Inclusive Visioning 
Monday, October 8, 2018 at 5:10PM
Administrator

Submitted by: Sylvia Gail Kinard, Esq.

The future requires more than “thinking outside the box”. It requires a re-definition of what the box is, in order to let go of institutional structures that no longer serve us. Inclusive Visioning™ is a tool that organizations can use to “re-define the box” and harness the power of diversity in ways that can transform an institutions self-perception and revolutionize its vision.

American society is becoming more diverse in its viewpoints and values, and that’s a good thing. Researcher Katherine Phillips, believes that increased diversity will give us permission to be ourselves in new ways. Indeed, Phillips states that the mere presence of social diversity makes people with independent points of view more willing to voice those views and others more willing to listen.

Yet, even academic institutions seem resistant to intellectual integration. According to the National Center for Education Statistics (“NCES”) at most postsecondary institutions, the faculty and staff remain predominately white, at a time when white student enrollment has and is projected to decline. In a 2015 report, NCES notes that among 1.5 million full-time instructional faculty in degree granting postsecondary institutions that were surveyed: 79 percent were white, 6 percent were African American, 5 percent were Hispanic, 10 percent were Asian or Pacific Islander, and less than 1 percent other. NCES reported comparable statistics in a survey of the administrative ranks, noting that of 2.9 million staff members, 69 percent were white, 7 percent African American, 5 percent Hispanic, 6 percent Asian and 12% other.

Diversity is important because it fuels innovation, improves intercultural communication and produces a better organizational brand. Yet, despite, so many positives, institutional ambivalence to diversity remains.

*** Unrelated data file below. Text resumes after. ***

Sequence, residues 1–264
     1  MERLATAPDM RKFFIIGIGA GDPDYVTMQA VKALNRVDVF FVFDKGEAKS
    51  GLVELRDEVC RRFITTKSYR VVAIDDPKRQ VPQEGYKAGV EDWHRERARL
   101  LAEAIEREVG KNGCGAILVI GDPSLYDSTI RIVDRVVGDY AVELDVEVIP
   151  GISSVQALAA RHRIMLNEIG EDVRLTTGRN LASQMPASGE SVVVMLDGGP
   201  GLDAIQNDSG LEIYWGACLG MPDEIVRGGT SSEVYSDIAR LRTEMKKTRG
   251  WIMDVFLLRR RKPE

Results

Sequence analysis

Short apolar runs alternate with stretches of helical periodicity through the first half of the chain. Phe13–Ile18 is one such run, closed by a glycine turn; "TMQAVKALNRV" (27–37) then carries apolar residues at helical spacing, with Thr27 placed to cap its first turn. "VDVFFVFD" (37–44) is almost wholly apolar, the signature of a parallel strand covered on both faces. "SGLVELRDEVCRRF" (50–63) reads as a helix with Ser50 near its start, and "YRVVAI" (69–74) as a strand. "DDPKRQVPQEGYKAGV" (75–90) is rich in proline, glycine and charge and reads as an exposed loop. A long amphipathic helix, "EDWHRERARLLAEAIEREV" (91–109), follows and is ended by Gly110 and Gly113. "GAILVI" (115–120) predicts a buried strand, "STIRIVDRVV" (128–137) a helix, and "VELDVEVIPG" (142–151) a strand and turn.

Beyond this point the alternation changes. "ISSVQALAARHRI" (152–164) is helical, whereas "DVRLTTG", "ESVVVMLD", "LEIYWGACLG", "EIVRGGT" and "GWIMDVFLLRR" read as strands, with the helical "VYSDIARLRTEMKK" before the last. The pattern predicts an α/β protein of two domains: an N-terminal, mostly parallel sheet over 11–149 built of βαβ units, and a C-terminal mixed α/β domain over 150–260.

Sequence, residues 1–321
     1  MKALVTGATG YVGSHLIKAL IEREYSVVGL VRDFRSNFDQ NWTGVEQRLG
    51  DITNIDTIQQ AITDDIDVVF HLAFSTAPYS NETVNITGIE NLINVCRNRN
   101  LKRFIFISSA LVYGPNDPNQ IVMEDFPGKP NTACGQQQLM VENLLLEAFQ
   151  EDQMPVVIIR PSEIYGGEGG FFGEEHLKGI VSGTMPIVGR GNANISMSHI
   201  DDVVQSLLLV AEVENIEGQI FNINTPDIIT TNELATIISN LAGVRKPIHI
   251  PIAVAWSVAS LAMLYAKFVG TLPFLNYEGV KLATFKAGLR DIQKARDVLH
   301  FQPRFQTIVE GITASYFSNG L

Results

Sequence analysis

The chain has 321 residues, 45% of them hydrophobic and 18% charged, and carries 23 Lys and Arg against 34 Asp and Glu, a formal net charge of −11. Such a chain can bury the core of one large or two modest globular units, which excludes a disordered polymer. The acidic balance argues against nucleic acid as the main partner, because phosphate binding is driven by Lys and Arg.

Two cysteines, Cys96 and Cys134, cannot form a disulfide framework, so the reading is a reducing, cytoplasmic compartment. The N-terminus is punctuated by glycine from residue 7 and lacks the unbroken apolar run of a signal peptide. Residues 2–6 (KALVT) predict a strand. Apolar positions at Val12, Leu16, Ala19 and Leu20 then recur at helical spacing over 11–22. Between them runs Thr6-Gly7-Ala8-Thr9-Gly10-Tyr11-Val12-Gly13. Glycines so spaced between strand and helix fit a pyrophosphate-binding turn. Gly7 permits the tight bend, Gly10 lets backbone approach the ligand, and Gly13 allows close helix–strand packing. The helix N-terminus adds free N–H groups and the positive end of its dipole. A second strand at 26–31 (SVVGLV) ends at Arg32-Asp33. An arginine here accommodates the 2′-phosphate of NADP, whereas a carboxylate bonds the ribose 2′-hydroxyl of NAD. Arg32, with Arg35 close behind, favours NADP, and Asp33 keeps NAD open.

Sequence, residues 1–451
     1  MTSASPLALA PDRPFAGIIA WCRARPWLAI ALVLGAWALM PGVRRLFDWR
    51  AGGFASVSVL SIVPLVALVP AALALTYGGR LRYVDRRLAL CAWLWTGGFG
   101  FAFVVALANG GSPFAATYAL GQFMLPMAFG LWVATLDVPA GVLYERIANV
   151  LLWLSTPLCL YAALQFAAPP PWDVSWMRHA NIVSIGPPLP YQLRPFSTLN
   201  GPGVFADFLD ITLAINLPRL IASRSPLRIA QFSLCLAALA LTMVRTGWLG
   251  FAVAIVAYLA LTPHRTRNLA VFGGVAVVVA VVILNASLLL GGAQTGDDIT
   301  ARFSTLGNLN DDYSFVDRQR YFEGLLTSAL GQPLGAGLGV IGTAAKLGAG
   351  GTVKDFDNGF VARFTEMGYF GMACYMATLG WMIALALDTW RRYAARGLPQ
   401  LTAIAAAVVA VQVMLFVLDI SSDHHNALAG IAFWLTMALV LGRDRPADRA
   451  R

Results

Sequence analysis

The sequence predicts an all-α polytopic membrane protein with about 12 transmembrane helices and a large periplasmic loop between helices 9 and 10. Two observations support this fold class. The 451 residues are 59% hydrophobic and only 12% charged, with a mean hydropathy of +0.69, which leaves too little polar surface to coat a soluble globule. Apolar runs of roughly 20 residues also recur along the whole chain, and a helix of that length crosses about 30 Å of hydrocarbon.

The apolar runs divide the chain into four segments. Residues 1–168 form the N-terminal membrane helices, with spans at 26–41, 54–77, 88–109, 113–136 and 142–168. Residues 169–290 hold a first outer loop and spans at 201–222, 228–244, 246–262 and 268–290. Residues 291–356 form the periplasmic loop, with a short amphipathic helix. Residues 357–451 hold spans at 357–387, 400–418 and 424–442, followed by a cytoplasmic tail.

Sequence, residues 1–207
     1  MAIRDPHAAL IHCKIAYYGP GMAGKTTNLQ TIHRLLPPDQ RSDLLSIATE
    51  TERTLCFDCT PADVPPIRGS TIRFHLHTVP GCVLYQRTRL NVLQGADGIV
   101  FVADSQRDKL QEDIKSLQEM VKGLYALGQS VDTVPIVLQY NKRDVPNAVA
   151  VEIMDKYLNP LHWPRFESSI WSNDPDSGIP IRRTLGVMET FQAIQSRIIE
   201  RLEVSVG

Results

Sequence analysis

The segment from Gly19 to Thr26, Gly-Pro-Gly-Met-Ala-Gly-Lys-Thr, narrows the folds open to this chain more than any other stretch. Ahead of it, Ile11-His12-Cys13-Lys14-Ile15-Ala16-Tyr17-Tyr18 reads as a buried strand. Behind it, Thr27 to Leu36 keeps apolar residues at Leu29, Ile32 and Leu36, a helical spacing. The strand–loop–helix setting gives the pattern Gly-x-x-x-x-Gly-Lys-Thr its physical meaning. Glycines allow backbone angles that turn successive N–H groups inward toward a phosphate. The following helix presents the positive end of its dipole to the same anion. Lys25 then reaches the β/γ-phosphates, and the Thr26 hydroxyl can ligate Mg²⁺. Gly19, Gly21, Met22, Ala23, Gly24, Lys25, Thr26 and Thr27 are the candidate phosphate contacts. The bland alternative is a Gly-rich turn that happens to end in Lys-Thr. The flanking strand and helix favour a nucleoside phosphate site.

One possible reason may have been discovered by Yale researcher Kenji Yoshino in his book, “Covering: The Hidden Assault on Our Civil Rights.” individuals “cover” to tone down a disfavored identity and fit into the mainstream culture.” According to Yoshino, the benefits of diversity will remain elusive if members of minority groups are only accepted when they conform to and reflect the values, cultural norms and aspirations of the majority.

Therefore, the mere presence of previously under-represented groups will not reflect a true integration of diverse ideas and viewpoints, if these individuals are “covering” their uniqueness in order to fit in. However, there is an approach, institutions can adopt to cultivate true diversity. Inclusive Visioning™ (“IV”) is an approach that helps institutions develop strategic plans that are an organic synthesis of equally valued ideas. The IV system flattens unnecessary hierarchy by pushing power down and out. It infuses diversity into the strategic planning process through a technique of team imagining.

Think of Silicon Valley during its infancy. These billion-dollar companies were founded by university whiz kids, who imported the Petri dish dynamics of their college experience to shape the environments of their start-up businesses. To allow spontaneous creativity to thrive, these cutting-edge businesses allowed pool tables and dogs; flexible working hours; organic cafeterias and crash pads. Similarly, the IV system helps institutions understand how and what they need to change in order to promote new dynamic growth – i.e. to re-think the box.